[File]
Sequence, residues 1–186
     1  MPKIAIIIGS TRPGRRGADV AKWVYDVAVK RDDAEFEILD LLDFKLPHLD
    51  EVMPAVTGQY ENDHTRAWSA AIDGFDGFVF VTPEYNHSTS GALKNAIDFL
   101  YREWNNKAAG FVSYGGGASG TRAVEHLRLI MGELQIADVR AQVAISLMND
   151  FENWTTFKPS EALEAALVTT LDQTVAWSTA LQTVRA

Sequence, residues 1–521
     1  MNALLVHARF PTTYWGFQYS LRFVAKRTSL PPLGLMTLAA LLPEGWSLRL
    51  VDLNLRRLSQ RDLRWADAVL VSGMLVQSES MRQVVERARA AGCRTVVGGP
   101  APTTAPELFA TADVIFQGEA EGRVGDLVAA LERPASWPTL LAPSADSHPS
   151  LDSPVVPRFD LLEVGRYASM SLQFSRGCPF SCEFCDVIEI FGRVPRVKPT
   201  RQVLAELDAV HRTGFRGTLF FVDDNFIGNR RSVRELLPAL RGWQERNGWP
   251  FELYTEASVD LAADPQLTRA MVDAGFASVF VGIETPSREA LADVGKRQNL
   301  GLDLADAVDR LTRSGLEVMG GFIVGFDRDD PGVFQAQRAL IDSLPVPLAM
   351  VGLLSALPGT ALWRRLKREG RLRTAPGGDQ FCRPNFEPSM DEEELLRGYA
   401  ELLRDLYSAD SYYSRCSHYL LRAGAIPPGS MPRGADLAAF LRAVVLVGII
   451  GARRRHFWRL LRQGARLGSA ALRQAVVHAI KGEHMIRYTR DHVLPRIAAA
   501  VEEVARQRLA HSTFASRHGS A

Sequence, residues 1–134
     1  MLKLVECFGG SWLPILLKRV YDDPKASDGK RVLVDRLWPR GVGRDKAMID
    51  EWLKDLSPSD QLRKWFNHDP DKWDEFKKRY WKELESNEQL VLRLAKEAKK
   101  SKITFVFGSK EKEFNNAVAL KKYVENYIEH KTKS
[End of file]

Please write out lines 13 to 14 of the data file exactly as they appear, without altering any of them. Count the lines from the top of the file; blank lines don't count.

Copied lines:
   301  GLDLADAVDR LTRSGLEVMG GFIVGFDRDD PGVFQAQRAL IDSLPVPLAM
   351  VGLLSALPGT ALWRRLKREG RLRTAPGGDQ FCRPNFEPSM DEEELLRGYA